Wednesday, April 06, 2005

Here's some crap from Hugh Hewitt published in the Weekly Standard. I must say Hewitt is not one of my favorite conservative commentators, but he really should have thought at least four times before writing this.

Non-Catholics are best advised to keep silent on matters of doctrine within the Church. It is, after all, no more the business of a non-Catholic what the Church commands on the celibacy of its priests than it is a non-Muslim to opine on the proper keeping of Ramadan.

This reminds me of an argument I once had in college with a black friend of mine named Frank, who was in sort of a militant phase, and he had a list of resolutions the Black Student Union had made, almost all of which I disagreed with (they did want the university to recruit more heavily among Kansas black students, and I thought that was a good idea, especially if they started early in high school). His response to my criticisms was "You don't know what it's like to be black."

Boom. It's kind of hard to respond to a blatant play of the race card like that. I shoulda said "You don't know what it's like to be white, so does this mean nobody has the right to have opinions?" but of course I didn't think of it then. He got over the militant stuff pretty soon, but not all his friends did. Frank and I continued getting along--we were partners on the final project in a Spanish class the next semester--but we never talked about the subject of race very much again, not that I was ever going to bring it up in the first place anyway. I haven't seen him for almost fifteen years now.*

My reaction to Hugh Hewitt is kind of similar. Non-Catholics and non-Muslims have every right to opine about both Catholicism and Islam and their internal doctrines. If nothing else, because what the Catholics and the Muslims do affects all the rest of us, and so if a bunch of extremist Catholics start a campaign to bomb abortion clinics or if a bunch of extremist Muslims decide to bomb commuter trains or if a bunch of Irish morons have spent the last god knows how many years killing one another over whether their kids should get buggered by single Catholic priests or married Protestant scoutmasters, then the rest of us have got something to say. If Islam in certain countries includes clitoridectomy as one of its matters of doctrine, or if in certain countries it countenances slavery, or if it won't let women visit doctors or drive cars, or if it promotes blowing up Jews, I think the rest of us have a right to complain, just as when we complained about suttee and thuggee and untouchability and the caste system in Hindu India. Or does Mr. Hewitt think sharia, integral to Islam, is something we all ought to live under? Or that anybody ought to have to live under?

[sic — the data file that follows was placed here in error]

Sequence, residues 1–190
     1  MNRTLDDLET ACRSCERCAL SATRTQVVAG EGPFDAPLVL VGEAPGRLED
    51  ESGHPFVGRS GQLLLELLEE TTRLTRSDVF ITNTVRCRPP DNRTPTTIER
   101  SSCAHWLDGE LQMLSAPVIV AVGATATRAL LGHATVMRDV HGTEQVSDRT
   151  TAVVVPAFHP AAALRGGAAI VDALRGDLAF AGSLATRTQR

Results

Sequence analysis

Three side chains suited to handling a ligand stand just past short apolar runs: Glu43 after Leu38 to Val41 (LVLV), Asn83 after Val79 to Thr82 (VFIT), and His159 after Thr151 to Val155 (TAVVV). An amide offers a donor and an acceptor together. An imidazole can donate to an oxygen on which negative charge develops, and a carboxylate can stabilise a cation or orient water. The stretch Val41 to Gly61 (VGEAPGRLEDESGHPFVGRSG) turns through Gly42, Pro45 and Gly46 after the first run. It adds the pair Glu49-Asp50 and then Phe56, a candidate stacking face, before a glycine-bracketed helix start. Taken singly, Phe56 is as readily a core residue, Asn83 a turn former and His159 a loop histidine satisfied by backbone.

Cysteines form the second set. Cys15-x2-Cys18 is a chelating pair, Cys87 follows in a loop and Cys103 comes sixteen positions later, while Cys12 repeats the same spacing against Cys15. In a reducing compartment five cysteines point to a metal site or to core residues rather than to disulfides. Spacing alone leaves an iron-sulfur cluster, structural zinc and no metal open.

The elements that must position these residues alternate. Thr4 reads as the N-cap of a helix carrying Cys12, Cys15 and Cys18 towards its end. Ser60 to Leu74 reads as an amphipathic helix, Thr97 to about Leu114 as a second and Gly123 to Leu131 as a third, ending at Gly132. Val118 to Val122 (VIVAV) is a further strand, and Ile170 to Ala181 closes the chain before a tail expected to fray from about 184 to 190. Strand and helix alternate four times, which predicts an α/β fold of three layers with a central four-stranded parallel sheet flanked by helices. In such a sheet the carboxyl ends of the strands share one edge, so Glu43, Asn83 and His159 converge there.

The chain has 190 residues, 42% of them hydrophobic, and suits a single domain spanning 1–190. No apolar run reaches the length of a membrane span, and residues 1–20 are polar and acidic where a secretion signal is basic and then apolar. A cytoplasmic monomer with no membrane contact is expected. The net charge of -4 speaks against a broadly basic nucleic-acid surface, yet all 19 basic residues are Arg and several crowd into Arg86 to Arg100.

I'm a hardline agnostic who is not prejudiced, as I think all religions are equally dumb. I think anybody who fasts for religious reasons is a dope, so that should take in both the Muslims and the Catholics. I think anyone who imagines that saying magic words somehow means anything is a dope, so that includes the Catholics and the Muslims. I think anyone who believes that food or drink can be sanctified is a dope, so that includes them both. Being such a dopey man that you won't let dopey women officially intercede with God as part of your magic rituals, too, is ridiculous, and that takes them both in, too. Now, I have no problem with honest dopes who interpret their magic beliefs to mean they have to help and love others, be kind to people's grandmas, don't steal anyone else's stuff, and the like. I actually admire them greatly if they live up to the standards their beliefs set for them, which in some individuals are very high standards. It's damned hard not to covet, for example, or not to be proud. And, of course, lots of people who are dopes on this particular question are very non-dopey on most other issues.

So I leave it open: Who's right, me or Hugh?

*Nice guy. Hell of an athlete--he had a football scholarship. He was the first person I actually saw dunk a basketball. He liked to party, and I was more laid-back, but I actually don't distinctly remember a couple of bashes he threw. Good-looking chicks, that I do remember. A surprising amount of the football jocks at KU back then were smart--a lot of them were history majors for some reason, and I was in several upper-division history classes with 300-pound defensive ends asking smarter questions than me. They lost all their games, though--Sports Illustrated called KU, K-State, and MU "the Bermuda Triangle of college football" one of those years when the three teams all went 1-10, with each team's only victory against one of the others. (Can't be a dope and play football unless you only do one thing, which is why the special teams units in the NFL tend to contain several real dopes who are good at running real fast and smashing into people and not much else. They played positions in college but couldn't remember any plays and their natural talent got them through, but that don't work in the No Fun League.)

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